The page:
Knowledge is understanding – with the swearing in of the Council of Ministers on June 25, 2018, the ruling United Democrats/Sint Maarten Christian Party (UD/SMCP) coalition government found itself in a political dilemma with not having enough sitting MP’s in the Parliament to govern.
The 8 to 7 ruling coalition government resigned 2 of its sitting members of parliament and had them sworn in as ministers, leaving the coalition with a 6 to 7 minority support in the Parliament. Consequently, there were not enough MP’s to form a quorum to convene Parliament in order to review the credentials and approve and/ or appoint replacement parliamentarians.
Luckily, a degree of political sensitivity was displayed in our polity neutralizing the political dilemma as 1 of the 2 minority parties (the National Alliance) in Parliament afforded the governing coalition the necessary support/ attendance to form a quorum, review the credentials and approve and/ appoint the 2 replacement MP’s.
The problem of an inability to allow MP’s to transform to Ministers while simultaneously ensuring the maintenance of power in Parliament is an institutional one. Hence, it is a structural rather than a constitutional crisis. New laws cannot resolve the problem.
The problem that emerged was not based on any (narrow) interpretation of the Constitution or law but a political dilemma where ensuring and maintaining the balance of power in Parliament was not explicitly and adequately (strategic politically) handled.
In politics we have to be mindful that political dilemmas come with consequences which in this case could have very well been a vote of no confidence in the UD/SMCP (1 week old) coalition government. Without the unusual political sensitivity shown by the opposition bench in Parliament, the likelihood of new elections would not have been neutralized.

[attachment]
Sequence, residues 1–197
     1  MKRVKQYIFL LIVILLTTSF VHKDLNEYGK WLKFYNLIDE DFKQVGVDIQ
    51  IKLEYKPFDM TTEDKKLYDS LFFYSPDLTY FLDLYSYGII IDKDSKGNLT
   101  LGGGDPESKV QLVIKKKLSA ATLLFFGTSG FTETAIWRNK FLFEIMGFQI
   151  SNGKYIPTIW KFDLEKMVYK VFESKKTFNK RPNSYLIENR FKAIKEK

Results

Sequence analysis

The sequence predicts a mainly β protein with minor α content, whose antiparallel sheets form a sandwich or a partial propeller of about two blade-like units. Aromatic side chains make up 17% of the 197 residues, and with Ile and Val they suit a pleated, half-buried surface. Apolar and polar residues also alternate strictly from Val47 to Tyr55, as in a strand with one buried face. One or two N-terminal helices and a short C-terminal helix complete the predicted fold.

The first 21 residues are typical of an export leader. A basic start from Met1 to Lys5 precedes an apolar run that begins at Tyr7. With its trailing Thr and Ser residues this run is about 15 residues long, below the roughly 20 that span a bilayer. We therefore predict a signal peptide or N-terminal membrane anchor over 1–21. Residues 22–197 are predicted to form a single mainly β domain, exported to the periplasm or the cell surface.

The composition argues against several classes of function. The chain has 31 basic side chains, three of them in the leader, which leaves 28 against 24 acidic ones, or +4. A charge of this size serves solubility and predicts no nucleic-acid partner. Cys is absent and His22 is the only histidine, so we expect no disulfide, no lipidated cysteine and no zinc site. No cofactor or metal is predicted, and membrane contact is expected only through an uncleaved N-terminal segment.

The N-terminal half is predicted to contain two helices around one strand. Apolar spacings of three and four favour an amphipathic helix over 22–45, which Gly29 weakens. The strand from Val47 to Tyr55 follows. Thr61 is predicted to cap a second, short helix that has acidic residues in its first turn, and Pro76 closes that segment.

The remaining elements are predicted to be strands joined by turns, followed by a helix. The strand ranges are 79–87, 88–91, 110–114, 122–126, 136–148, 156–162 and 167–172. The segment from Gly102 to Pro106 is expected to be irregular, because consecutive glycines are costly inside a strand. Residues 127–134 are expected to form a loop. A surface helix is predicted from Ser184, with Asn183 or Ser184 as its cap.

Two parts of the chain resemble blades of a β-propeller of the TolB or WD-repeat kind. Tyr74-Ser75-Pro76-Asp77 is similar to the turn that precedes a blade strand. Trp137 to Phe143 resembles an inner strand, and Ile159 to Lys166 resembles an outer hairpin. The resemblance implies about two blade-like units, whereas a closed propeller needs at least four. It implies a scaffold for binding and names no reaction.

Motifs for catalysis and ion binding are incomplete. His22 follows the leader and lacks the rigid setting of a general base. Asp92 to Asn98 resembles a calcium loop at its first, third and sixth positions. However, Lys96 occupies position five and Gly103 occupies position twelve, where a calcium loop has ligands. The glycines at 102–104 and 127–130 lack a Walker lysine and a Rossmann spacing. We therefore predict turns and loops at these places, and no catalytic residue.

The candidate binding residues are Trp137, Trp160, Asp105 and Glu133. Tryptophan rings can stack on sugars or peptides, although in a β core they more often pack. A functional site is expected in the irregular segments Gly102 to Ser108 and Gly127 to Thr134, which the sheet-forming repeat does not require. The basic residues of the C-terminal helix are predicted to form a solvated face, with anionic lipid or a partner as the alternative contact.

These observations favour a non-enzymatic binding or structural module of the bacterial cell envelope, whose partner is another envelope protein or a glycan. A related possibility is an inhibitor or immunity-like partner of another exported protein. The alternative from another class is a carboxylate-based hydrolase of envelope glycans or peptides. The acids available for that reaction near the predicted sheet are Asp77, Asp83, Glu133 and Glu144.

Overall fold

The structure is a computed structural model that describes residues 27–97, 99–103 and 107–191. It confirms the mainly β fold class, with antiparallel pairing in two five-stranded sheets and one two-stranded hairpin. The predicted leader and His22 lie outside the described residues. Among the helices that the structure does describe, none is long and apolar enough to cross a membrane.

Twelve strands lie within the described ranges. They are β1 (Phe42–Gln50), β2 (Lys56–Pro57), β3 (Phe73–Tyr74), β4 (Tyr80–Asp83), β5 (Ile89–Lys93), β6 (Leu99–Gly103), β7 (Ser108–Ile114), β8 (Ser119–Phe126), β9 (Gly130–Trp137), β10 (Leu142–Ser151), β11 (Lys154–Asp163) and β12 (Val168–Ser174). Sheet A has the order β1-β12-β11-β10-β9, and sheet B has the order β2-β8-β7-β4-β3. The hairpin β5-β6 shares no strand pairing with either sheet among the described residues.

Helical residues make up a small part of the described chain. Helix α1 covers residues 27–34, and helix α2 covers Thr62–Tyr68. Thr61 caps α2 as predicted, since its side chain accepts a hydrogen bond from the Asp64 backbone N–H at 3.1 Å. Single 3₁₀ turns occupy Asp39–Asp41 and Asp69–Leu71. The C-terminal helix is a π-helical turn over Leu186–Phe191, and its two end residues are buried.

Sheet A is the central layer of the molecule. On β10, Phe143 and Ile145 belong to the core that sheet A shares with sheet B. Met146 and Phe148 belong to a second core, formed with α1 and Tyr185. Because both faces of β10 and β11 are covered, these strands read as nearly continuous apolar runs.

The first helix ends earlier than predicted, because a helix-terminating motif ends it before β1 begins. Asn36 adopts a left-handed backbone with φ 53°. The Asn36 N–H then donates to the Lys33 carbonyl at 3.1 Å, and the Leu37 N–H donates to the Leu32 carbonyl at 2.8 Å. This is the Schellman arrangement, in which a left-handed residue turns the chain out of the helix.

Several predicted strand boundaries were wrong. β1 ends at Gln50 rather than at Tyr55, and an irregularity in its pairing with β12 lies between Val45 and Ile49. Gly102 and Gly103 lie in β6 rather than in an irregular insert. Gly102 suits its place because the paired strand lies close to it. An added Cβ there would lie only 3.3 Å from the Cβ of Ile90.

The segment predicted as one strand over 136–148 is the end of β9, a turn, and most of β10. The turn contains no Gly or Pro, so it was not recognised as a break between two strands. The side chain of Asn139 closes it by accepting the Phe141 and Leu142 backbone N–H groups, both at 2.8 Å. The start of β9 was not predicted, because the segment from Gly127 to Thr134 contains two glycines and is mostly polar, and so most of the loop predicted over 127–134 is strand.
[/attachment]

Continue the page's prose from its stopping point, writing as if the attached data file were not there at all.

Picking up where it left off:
Talks that the political dilemma could have been avoided with a larger majority in Parliament is pointless. Having a large majority in parliament does not necessarily safeguard any government from political dilemmas that could result in finding themselves in a minority support position (in parliament). Granted, a larger majority in government/ parliament is always better which for the most part allows the governing party to better execute its governing program, pass legislation and withstand a vote of non-confidence.
Furthermore, as for the report that the Parliamentarians should turn to the courts to have or ensure that their credentials are reviewed, (thus allowing them to sit in Parliament) is problematic. It not only raises question of “separation of powers” but also the infringement of the judicial branch of government on the authority/ duties and responsibilities of the legislative branch.
It is the task of the courts to handle and resolve disputes. However, there were no disputes as to whether or not the credentials of the replacement parliamentarian would be reviewed – it was a political, procedural problem of the governing coalition not having enough sitting MP’s in the Parliament to form a quorum to convene Parliament, to review the credentials and approve and/ appoint their two replacement MP’S.
Alternatively, the ruling coalition Government could have been more politically conscious of the potential dilemma and first secure their balance of power (in Parliament). That is, not waiting until the eleventh hour where there would be a conflict of a minister simultaneously being a parliamentarian; in this case proceeding with the swearing in 5 of the 7 ministers. As such maintaining the balance of power in Parliament and reviewing the credentials and approving the replacement parliamentarians would have been possible followed by the resignation of the parliamentarian that would be replaced and swearing in them as ministers. Political crises averted.